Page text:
So so SO happy to see this. I really love chia puddings, and am just about to start Lent (I’m giving up flour and sugar) so it’s great to see all the recipes that follow this post.
JessicaFebruary 17, 2012 at 10:10 pm
You have finally convinced me to order chia seeds! I placed the order immediately after reading your post. I can’t wait to try this pudding, it looks so amazing, light and chocolatey.
JulieFebruary 20, 2012 at 11:00 pm
I have made this twice now. My husband loves it. I made it once according to your recipe. The second time, I used half soy milk, half silken tofu. We found that the tofu blend gave thicker results. Thanks for the recipe!!
meganFebruary 21, 2012 at 3:14 pm
i love this website because im doing a project where you have to pick a topic and make a delicious meal while keeping that topic in mind…. example health, enviroment or what i am doing vegan, thank you for making this wonderful site to help me choose.
CaterinaMarch 18, 2012 at 9:39 am
I am trying to avoid sugar as well, and this recipe is exactly what I was looking for! I am totally trying it tonight!
By the way, do you know if it would be possible to substitute sugar, agave syrup or maple syrup with all-fruit jams, mashed bananas, pureed prunes or applesauce in baked goods? I have never tried to bake anything, but I need to learn because I can’t find store-bought baked goods made without white flour, margarine and refined sugar… Thank you!
micheleApril 4, 2012 at 8:11 pm
I would be interested in a substitute for sugar and the applesauce sound good.
NinufarApril 4, 2012 at 10:43 pm
I haven’t tried this pudding specifically, bc my tummy doesn’t always deal with chia seeds very well, but as far as sugar subs in baking:
mashed bananas and unsweetened applesauce both work rather well, so long as you’re not expecting identical flavor & texture to the original recipe. I sometimes find it helps to take the baking temp down slightly and bake a little longer. (I often bake “muffins” in a glass pan w/a lid, bc leaving out most or all of the fat can also make the top dry.)
The good news is that the same subs (banana, apples, prunes) all give a nice rich texture w/o fat while also lending a sweet taste. Prunes go best (imnsho) with carob or chocolate recipes; applesauce is least sweet but least noticeable.
Certain cake-like textures seem impossible w/o refined sugars, but I’m playing around with some of the black-bean “brownie” recipes and finding some leads there (once again subbing, usu soaked prune mash for agave syrup).
I also find that if I substitute a naturally sweet-tasting flour (e.g. chestnut fl, mesquite powder, or buckwheat fl) for 1/4 C of whatever original flour is called for, it adds interest. (The first two are verrry spendy by the pound, but I like ’em.)
GwenApril 16, 2012 at 5:15 pm
Delicious! Kind of like a chocolate tapioca pudding. A keeper!
BenjaminAugust 13, 2012 at 7:13 pm
Hello! I have been reading through some of your recipes and thought they sound amazing… However, just on a cautionary note, you would do well to limit the use of the words “sugar-free” when the item contains fruit. While you have not added any sugar, it is not technically sugar-free unless it has absolutely no form of sugar in it. I would not personally take issue with it, but would prefer that you don’t get in trouble with people who would =).
Another health enthusiast with a sweet tooth 😉
Susan VoisinAugust 13, 2012 at 8:19 pm
I appreciate the suggestion, but except perhaps for nuts, all vegan foods contain some sugars, so no vegan recipes could ever be labeled sugar free!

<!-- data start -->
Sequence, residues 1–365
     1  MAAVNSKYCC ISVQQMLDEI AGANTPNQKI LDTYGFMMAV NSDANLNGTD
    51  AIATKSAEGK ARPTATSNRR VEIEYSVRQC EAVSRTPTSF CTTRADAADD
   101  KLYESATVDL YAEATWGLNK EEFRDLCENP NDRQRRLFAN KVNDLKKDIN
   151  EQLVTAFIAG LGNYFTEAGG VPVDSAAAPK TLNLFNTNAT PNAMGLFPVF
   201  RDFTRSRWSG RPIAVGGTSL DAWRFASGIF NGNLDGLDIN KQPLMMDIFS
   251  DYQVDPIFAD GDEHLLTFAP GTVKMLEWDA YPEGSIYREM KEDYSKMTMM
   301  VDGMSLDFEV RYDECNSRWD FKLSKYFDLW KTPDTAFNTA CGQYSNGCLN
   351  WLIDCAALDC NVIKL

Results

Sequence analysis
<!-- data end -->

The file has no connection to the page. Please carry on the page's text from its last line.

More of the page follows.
TracyAugust 13, 2012 at 8:56 pm
Hi, this looks awesome! maybe this will be obvious once I buy the stevia but two scoops equals….?
ChrisAugust 15, 2012 at 12:36 am
First, thank you for all the recipies! LOVE!!
Did I do something wrong? The pudding thickened and tasted delicious, but the chia seeds were still “crunchy.” I guess I half expected them to be all absorbed into the liquid to make a smooth and creamy yet thick texture, but I don’t really know how they could be. Maybe if you blend it again after letting it set for awhile?
Radhika SarohiaAugust 17, 2012 at 6:00 am
I keep seeing these seeds at my local market, but I actually had no idea what they were (I are clueless:p)
Next time I shop I will buy some and try making this pudding, thanks for the recipe 🙂
Kate HutchisonSeptember 5, 2012 at 6:42 am
This was the best vegan dessert I have ever had! It was the first time cooking with chia seeds and it was such a great combinations with the raspberries stirred through. I used unsweetened almond milk and it worked a treat. Thankyou so much for introducing me to such a great ingredient – i will definately be using it more often in my cooking.
debalou3June 15, 2013 at 8:07 am
I had never had chia seeds until this week when a co-worker was doing a demo…. she did it with sweetened almond milk and had also added raisins….it was like tapioca pudding which I love and have been missing since I started the Eat to Live program. Can’t wait to try this, in fact as soon as I hit submit I am heading to the kitchen to make it.
DebbieJuly 12, 2013 at 8:26 pm
This was wonderful and hit the sweet tooth spot…I didn’t have any fruit in the house to add so I added a little cinnamon and cayenne…so good!!
bonnieSeptember 5, 2013 at 10:21 am
Yet another impressive recipe, Susan! This is really easy and delicious. It’s going to be in heavy rotation in my home.
ValJanuary 24, 2014 at 8:13 am
Hi Susan – We are not fans of fruit with chocolate (except for bananas). Do you have any suggestions for making this work without fruit? Would ground nuts work? Thank you.
Susan VoisinJanuary 24, 2014 at 8:20 am
Could you use bananas? The fruit is there for flavor, which nuts could give, but without the “bulk” of the fruit, I’m afraid this dessert wouldn’t be as satisfying.
MiriJanuary 26, 2014 at 8:01 pm
If i ground the chia seeds will it be smooth and creamy ? or should I leave them whole? Thanks
Vegan Grammie AnnieJune 9, 2014 at 9:18 pm
I made your Chocolate Chia Pudding for supper tonite and it was easy to make and delicious. I served it with fresh raspberries and my husband who misses all the desserts I used to make said that it is definitely worth making again. So, thank you.
ArienOctober 29, 2017 at 6:56 pm
Hi, I tried this using Equal but the pudding didn’t thicken. It was still tasty (Well, as iced cocoa with chia seeds) but the seeds were more or less the same size as before – and I left it in overnight. Any idea what I did wrong?
Susan VoisinOctober 29, 2017 at 7:06 pm
I’ve never had that happen! If you’re willing to try again, try warming the milk up just a little bit.
Ruth KnoxJuly 1, 2019 at 12:47 pm
Creamy chocolate decadence! I cannot believe how good this is.